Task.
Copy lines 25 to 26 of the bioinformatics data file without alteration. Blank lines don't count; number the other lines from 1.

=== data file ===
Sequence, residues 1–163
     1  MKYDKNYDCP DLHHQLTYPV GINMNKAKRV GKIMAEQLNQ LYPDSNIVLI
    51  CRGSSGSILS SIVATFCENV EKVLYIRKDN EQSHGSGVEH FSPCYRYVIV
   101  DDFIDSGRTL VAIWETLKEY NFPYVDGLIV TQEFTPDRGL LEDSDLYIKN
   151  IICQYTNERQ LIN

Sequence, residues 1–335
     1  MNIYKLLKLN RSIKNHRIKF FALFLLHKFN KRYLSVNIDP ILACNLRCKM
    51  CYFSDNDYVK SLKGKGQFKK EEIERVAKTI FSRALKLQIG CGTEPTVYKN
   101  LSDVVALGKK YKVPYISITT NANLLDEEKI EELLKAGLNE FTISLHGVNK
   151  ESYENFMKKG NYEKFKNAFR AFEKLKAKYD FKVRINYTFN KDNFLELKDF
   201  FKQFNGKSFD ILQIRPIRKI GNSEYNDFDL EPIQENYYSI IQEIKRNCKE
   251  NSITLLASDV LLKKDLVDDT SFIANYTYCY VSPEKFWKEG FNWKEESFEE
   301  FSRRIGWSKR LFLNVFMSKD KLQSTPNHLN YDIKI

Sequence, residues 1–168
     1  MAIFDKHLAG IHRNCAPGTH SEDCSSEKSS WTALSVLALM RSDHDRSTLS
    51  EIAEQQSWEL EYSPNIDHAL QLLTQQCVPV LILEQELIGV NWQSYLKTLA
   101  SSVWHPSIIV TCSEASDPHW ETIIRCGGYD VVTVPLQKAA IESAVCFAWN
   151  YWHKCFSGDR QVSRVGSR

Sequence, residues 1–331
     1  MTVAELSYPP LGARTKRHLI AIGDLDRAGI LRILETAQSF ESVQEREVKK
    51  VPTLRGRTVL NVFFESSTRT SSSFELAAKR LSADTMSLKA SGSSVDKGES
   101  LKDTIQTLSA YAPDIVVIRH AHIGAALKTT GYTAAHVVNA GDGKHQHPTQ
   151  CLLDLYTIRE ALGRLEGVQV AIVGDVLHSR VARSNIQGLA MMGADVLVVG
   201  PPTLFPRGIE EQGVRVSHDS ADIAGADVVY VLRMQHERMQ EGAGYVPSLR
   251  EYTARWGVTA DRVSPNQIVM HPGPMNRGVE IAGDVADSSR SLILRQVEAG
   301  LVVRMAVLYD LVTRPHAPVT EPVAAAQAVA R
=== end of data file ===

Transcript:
   251  EYTARWGVTA DRVSPNQIVM HPGPMNRGVE IAGDVADSSR SLILRQVEAG
   301  LVVRMAVLYD LVTRPHAPVT EPVAAAQAVA R